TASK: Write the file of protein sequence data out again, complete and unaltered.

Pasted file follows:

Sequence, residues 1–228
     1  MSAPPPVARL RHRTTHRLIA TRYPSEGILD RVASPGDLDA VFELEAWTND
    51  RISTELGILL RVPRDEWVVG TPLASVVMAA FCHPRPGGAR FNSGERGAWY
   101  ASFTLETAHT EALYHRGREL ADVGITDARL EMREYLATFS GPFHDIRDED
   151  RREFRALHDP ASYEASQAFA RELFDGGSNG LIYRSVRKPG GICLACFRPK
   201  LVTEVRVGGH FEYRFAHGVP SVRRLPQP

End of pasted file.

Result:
Sequence, residues 1–228
     1  MSAPPPVARL RHRTTHRLIA TRYPSEGILD RVASPGDLDA VFELEAWTND
    51  RISTELGILL RVPRDEWVVG TPLASVVMAA FCHPRPGGAR FNSGERGAWY
   101  ASFTLETAHT EALYHRGREL ADVGITDARL EMREYLATFS GPFHDIRDED
   151  RREFRALHDP ASYEASQAFA RELFDGGSNG LIYRSVRKPG GICLACFRPK
   201  LVTEVRVGGH FEYRFAHGVP SVRRLPQP